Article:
UPDATE: The board of the Detroit Symphony canceled the rest of the season Saturday, after the musicians rejected a "final" contract offer.
Trisha Mead has made an excellent argument on the 2AMt theater blog about Intiman Theatre's financial crisis and what would be lost if the Seattle company goes under. Her primary idea is "legitimacy," and she argues that the loss of Intiman would be a blow to the legitimacy the company confers both to new plays it chooses to produce and to theater in Seattle in general. It's an interesting take, and if you're interested in the problem of how to start thinking about failing arts institutions, you should give it a read.
Speaking of arts institutions in crisis, I then ran into "legitimacy" in the context of the arts again, this time in a blog post by Tony Woodcock, the president of the New England Conservatory, and former president of the Oregon Symphony. The context was the Detroit Symphony strike, and the intractability of that situation led him to consider whether the arts in general were facing a legitimacy crisis. He defined the legitimacy in this way -- "the moral right to exist from the approbation of the people." And he argued that the legitimacy of the arts "must be re-examined every single year and not taken for granted. It must address key issues such as why do the majority of people feel increasingly excluded from the arts..."
A good crisis, of course, very often leads us to considerations of this sort. And before we take a stab at making sense of Mead and Woodcock's different uses of legitimacy, we'll head to Cairo, because even the Detroit Symphony's travails pale in comparison to Egypt's.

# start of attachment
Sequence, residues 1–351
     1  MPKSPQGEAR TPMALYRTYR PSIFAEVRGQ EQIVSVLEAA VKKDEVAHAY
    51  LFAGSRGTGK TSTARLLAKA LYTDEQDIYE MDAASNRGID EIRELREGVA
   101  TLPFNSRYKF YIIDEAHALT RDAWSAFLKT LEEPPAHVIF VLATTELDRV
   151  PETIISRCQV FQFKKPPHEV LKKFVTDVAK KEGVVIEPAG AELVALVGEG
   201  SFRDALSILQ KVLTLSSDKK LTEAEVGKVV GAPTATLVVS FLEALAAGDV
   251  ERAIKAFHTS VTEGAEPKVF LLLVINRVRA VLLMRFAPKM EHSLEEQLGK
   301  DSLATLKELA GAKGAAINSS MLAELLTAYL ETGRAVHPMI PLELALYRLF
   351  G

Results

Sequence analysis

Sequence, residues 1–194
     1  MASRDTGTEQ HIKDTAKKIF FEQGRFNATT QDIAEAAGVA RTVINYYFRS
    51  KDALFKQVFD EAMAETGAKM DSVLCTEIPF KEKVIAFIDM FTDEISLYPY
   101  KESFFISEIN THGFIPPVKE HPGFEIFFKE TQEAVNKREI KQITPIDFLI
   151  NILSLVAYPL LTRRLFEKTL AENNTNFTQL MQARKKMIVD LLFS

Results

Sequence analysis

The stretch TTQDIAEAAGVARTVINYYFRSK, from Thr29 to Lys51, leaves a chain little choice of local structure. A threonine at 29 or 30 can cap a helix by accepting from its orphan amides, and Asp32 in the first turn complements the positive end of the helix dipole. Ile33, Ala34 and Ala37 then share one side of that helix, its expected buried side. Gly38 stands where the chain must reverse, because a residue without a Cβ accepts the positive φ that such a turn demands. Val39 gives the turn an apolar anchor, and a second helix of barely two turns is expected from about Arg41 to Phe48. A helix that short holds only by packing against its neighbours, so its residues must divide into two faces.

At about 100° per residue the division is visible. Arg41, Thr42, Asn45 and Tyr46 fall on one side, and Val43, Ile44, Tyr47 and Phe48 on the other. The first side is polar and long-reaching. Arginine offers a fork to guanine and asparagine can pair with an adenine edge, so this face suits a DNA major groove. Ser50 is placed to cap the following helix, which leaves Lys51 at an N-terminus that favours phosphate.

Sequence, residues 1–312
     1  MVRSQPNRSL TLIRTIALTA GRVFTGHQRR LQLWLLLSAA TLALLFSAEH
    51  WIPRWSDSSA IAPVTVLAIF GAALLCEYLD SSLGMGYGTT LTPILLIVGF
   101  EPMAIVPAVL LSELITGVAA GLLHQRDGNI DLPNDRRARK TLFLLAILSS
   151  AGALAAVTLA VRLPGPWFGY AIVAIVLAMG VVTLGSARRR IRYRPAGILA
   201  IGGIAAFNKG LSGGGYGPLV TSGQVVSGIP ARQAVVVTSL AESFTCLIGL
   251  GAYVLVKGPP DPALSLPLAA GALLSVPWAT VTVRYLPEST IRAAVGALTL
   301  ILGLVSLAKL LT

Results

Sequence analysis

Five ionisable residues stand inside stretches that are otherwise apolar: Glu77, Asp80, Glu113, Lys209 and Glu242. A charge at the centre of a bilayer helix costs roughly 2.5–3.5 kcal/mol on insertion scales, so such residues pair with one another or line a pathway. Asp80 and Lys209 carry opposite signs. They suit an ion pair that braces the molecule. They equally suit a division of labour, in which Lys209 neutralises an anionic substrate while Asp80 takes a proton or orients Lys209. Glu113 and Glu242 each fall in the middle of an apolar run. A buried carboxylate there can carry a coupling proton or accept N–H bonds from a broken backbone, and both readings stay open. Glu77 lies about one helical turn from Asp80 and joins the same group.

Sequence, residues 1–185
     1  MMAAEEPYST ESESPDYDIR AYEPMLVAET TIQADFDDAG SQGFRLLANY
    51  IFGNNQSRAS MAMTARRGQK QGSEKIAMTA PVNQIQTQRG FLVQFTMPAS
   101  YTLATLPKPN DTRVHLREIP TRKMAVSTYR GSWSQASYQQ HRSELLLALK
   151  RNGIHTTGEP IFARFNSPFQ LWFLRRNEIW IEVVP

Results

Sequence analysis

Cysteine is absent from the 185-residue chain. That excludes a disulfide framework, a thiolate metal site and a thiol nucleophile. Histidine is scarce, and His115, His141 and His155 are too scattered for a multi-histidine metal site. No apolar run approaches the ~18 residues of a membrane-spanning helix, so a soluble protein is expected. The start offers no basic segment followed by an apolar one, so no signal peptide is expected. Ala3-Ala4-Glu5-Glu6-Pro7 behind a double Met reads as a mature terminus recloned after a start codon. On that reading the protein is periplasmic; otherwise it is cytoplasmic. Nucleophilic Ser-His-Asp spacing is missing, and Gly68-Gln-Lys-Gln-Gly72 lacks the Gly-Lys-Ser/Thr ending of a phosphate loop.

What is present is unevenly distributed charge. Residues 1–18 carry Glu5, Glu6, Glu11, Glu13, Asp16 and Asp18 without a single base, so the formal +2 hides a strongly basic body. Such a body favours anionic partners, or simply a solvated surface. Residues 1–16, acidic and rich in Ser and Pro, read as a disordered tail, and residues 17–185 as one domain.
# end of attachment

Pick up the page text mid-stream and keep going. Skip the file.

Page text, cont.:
One way to think about the uprising against the Mubarak regime in Egypt, an abstract way admittedly, is to think of it as a crisis of political legitimacy. If you took that poli sci survey course back at Dear Old Huxley College, you remember reading about legitimacy, the acceptance by the people of the authority of the government. Legitimacy in this context is about authority, and sociologist Max Weber famously listed three ways a government could get it -- from tradition, from a charismatic leader and from a rational rule of law that the people subscribe to. Of course, in practice, we see a blending of these elements. What's a legitimate government? One that doesn't need a policeman at every corner to make its rules stick.
So, in Cairo, the people de-legitimized Mubarak's regime -- mass protests are a great way of showing that you don't accept the authority of the government. And because of the military power of the modern state, it's dangerous business: When you seek to de-legitimize a government, you are basically in revolt against it, and the consequences can be dire.
Woodcock has decided that symphony orchestras are like governments, and that the people (as a whole) should determine whether they have the moral right to exist. Right now, I want to drop "moral" from the discussion, just because I have no idea what Woodcock means. So, let's just say "the right to exist." This is a curious way to think about it. We don't say the people determine whether Starbuck's has a "right to exist." We assume that it has the right to exist, but then must figure out how it actually can exist. People will determine that, of course, but not by some sort of general agreement -- individuals choose to buy coffee there or not.
Individuals choose to support symphonies or not, too. The great thing about the symphonies is that they form little communities around themselves, communities of individual fans, volunteers and donors, the people who support them. In this country, we just barely recognize that the arts have important social effects outside their immediate communities, so we barely support them financially at the government level. So, their communities of desire, we call them voluntary associations, determine the extent and quality of their "existence."
So, I think Woodcock is misusing the word legitimacy. When he says that orchestras (and the arts in general) need to look beyond their "core audiences," that's really just a bit of business advice. You need a larger community, more people to buy your coffee. And if your orchestra is suffering financially, that's pretty obvious advice. But the larger audience doesn't confer legitimacy on your orchestra, it merely gives it the food it needs to survive (money, volunteer time, appreciation, etc.).
I think there IS an issue of legitimacy involved in symphony orchestras and the arts, but I'll get to that in a moment. First, a look at Mead's use of the idea of legitimacy in her essay, which is completely different.